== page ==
Becoming A Leader

Before God calls on Moses to lead the Israelites out of slavery, Moses develops his leadership skills and his ability to see beyond narrow struggles and his role as liberator.

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It seems clear that there is a moment when Moses is called upon to either 'see' this sight and decide to go investigate it, and in doing so meet God, or fail to do so, and continue his walk in the wilderness as a shepherd. It is only when God "saw that he turned aside to see" that he calls upon Moses. To me, this feels like a test, a last check by God to see if He really does want to call upon Moses to go back to Egypt and demand of Pharaoh that he let the Israelites go. If so, what kind of test is it? How does one pass, and how does one fail?

The Lessons of Distance

If we look at the stories together, it seems to me that the lesson Moses needed to learn was the lesson of distance, of disinterestedness. Moses began his career as a hot-head--his first act was to kill the Egyptian. As we have shown, this act, although perhaps morally defensible (the Rabbis talk about this question), served no real purpose; it is almost totally symbolic, as it did not bring the end of the Israelite's suffering any closer.

In his next act, Moses looks closer to home, towards the Jewish people themselves. But, here, again, he is unsuccessful. Angrily, he calls the aggressor "rasha"--"wicked one," and, if one wants to give credence to the words of the perpetrator, and believe him when he accuses Moses of wanting to kill him, Moses said this with murder in his eyes. If he succeeding in establishing who was evil, he failed to do anything about it.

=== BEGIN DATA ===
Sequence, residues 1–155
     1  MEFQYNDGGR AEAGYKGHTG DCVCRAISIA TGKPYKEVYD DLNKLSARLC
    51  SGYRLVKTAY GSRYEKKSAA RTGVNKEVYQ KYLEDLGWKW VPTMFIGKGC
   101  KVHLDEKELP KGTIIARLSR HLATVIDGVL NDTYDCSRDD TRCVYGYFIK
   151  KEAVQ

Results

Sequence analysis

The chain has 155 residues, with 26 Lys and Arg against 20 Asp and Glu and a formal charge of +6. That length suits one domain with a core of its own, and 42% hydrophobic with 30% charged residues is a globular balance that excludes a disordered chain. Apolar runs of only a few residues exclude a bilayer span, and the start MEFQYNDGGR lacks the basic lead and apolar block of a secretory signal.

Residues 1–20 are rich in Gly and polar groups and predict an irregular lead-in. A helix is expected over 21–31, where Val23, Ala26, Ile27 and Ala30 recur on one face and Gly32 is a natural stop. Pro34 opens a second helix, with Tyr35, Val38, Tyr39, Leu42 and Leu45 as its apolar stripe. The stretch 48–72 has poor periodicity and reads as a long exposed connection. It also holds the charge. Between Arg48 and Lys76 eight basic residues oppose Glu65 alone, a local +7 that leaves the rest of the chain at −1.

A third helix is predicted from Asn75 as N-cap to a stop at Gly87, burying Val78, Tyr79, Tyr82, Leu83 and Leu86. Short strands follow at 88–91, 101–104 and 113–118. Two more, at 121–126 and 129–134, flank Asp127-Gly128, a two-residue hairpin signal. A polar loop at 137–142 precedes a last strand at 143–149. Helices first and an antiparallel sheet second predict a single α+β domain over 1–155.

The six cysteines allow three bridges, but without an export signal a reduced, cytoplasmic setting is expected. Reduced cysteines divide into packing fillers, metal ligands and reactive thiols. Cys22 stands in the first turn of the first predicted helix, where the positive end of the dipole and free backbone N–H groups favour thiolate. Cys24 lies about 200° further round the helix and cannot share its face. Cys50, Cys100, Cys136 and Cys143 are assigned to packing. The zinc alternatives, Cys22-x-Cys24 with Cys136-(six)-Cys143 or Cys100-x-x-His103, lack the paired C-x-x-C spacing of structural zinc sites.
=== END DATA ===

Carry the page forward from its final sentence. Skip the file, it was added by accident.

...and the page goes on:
It is only in Midian, where the victims are strangers, and where, perhaps as a result of their being strangers, Moses's actions are devoid of anger, violence, and excess emotion, but are focused on simply saving the victims, that Moses finally succeeds.

Successful Model

Perhaps Moses is constructing a new, more successful model for his leadership--the point is not the emotional baggage, the symbolic gesture, or a battle to the death with 'evil'--the point is to actually do some good, to succeed in improving things, to 'save' the situation, rather than do battle with it.

And then comes the final lesson, the lesson of the burning bush. Here, Moses is challenged to be interested in something that doesn't matter. Something that has no right or wrong, no apparent moral weight, no good guys and bad guys. Something that is simply interesting, worth looking into, worth investigating.

The test of the bush was this: is Moses able to 'see' (and for those of you out there who would like to look at the text, the verb 'lir'ot'--'to see', appears again and again in the first and the last of the four stories) something that is not on his agenda, not part of his struggle, his anger, his fight? Is he able to see disinterestedly, out of simple curiosity about what might be happening?

Can Moses, who seems, in the first three stories, to be totally wrapped up in the struggle for justice, show interest in other, perhaps more spiritual things? Can he see beyond the noble but narrow role that had constructed for himself as savior of the oppressed and chastiser of the oppressors?

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Rabbi Shimon Felix

Rabbi Shimon Felix is the Israel Director of the Bronfman Youth Fellowships in Israel. He lives with his family in Jerusalem, and has taught in a wide variety of educational frameworks in Israel and abroad.